Developing a Library Strategy for 3D and Virtual Reality

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Bayne: The following interview was recorded at the Coalition for Networked Information Fall 2018 meeting. I'm Gerry Bayne for Educause. 3D and virtual reality technologies show great promise for a range of scholarly fields, as they offer new potential for interactive visualization, and analysis of artifacts, spaces, and data.

Bayne: Lower costs, and greater computational power, have made 3D and VR technologies financially realistic for a broader variety of institutions.The Institute of Museum and Library Services national leadership grant is a partnership between three academic libraries, Virginia Tech, Indiana University, and the University of Oklahoma, to study and make recommendations for library adoption of 3D and VR services. I spoke with two people representing this endeavor. Jamie Wittenberg, who's the head of scholarly communication, and a research data management librarian at Indiana University, and Nathan Hall, director of digital imaging and preservation services at Virginia Tech. I started our conversation by asking about some of the ways 3D and virtual technologies are being used in academia, and the current landscape in which they're operating.

Hall: We've seen, through our participants for our research, we've seen a number of disciplines involved, so anywhere from anthropology, archeology, architecture, on the humanities side, to lots of life sciences, so evolutionary biology, morphology. And then also in engineering, there's material science, additive manufacturing, and biomechanics.

Hall: You had some others?

Wittenberg: Yeah, I think we're seeing it a lot in archeology, digital archeology, but also in paleontology. And one of the examples that I really like to talk about when I try to explain how important these 3D models are for research, is the case of volumetric scans of specimens where if we weren't able to do a micro CT scan on a fossil, in order to see what's inside that fossil, or fossilized rock, you'd have to destroy it.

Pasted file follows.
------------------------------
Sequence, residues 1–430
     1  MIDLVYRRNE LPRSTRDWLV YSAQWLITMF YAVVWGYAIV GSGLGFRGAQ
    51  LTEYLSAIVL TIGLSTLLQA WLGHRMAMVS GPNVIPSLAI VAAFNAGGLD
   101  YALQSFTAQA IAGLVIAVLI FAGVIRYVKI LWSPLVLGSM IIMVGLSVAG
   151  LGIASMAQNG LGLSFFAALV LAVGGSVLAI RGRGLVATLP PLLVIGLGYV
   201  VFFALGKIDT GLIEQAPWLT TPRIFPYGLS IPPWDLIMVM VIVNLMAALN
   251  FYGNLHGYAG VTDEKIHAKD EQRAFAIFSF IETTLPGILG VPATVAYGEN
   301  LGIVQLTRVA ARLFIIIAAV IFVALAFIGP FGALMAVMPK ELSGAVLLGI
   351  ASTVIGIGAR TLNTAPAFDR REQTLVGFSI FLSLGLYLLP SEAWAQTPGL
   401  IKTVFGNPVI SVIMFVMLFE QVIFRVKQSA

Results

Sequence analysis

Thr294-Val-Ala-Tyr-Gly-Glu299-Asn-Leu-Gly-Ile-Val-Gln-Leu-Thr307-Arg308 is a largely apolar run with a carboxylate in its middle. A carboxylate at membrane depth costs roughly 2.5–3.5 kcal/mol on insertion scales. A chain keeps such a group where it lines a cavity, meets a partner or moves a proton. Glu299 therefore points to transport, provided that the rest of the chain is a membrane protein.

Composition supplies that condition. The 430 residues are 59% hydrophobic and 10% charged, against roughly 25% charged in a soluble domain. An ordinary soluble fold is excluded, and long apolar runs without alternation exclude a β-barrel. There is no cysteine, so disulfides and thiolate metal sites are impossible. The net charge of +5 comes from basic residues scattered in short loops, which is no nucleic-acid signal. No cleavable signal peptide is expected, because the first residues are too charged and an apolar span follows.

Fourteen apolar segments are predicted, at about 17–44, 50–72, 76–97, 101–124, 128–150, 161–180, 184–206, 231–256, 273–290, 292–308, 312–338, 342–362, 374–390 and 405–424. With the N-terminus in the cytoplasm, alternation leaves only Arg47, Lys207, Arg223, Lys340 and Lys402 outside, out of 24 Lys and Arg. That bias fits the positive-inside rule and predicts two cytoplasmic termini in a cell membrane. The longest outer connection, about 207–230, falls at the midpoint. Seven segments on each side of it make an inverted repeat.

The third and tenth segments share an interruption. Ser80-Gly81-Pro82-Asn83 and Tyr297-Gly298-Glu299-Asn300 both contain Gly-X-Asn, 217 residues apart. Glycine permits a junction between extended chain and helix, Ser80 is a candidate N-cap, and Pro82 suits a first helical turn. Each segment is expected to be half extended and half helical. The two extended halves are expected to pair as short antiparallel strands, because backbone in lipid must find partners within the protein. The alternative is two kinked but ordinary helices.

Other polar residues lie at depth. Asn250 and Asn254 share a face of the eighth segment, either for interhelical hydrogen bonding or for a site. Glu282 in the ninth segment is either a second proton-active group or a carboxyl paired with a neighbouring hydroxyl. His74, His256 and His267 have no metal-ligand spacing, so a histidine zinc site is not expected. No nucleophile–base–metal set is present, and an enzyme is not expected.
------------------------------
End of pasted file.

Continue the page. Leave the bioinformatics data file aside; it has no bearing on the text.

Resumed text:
Wittenberg: So it enables researchers to investigate these physical specimens in a non-destructive way. And in cases like that, it's really crucial to the research process, and to preserving the object for posterity.

Bayne: That's cool. This question might apply more to virtual reality more than the 3D part, but I've been interviewing people for the last five years about VR stuff in academia. And it seems to be very ad hoc up until lately. Is it still that way? I just hear about people, "Well, we got a budget to put a few oculus riffs in our lab, and people are trying them out." Is it becoming more formalized now? Or is it still like people are just doing things here and there?

Hall: I think that's one of the goals of this project is based on the observation that it's very siloed. I think people see technology, they wanna engage with it, so it's easy to experiment with something in that ad hoc way, where we can learn more.

Hall: But I think because there's more institutions that have invested in it, because the costs have fallen, more people are able to participate, so there is enough a community now where we can start to compare. It's hard to be directed and planned, when you can't see what anyone else is doing.

Wittenberg: I had a colleague yesterday at this conference actually come up to me and say, "I heard about your project, I really wanna talk to you, because we're gonna put some VR into our library." And I said, "Well, I'm probably not the best person to talk to. You should talk to Oklahoma." And they're like, "Yeah, we already talked to them. Even if you don't know a lot, I still wanna talk to you." And I think that really gives a sense of the lack of information about these kinds of systems in libraries.

Bayne: It also seems like a lot of the VR systems have been just advancing in fits and starts, so I would imagine there's a lot of people that are like, "I don't wanna invest yet, until they settle. I don't wanna invest in something and then they make a leap forward next year. And I have the wrong system."

Bayne: Do you run into that as well a little bit?

Hall: I think so. I think a lot of places haven't invested in this big for that reason. And I think the private sector to is interested in finding ways to commercialize aspects of it, or provide services that libraries aren't providing. But trying to find the right time to invest. They don't wanna lose out on a market share to someone else, but they also don't wanna invest in something that's not gonna be profitable.

Bayne: It's a tough ... This is the time, when a product's being developed, it's kind of a weird Wild West time.

Bayne: With a grant from the Institute of Museum and Library Services you formed a partnership to explore strategies around sustainable use of 3D and virtual technologies. How has the partnership come together? And what is your strategy for working together in this pursuit?

Hall: I think two years ago I was starting to ask some of the questions that led to that questions that we've asked in this grant. And I'd heard, I was at a meeting of, I think it was AP Trust, they're a digital preservation consortium, I heard one of Jamie's colleagues at IU mention 3D, so I reached out to her later. And she said, "Well, that's not me. Let me put you touch with my AUL, with Robert McDonald."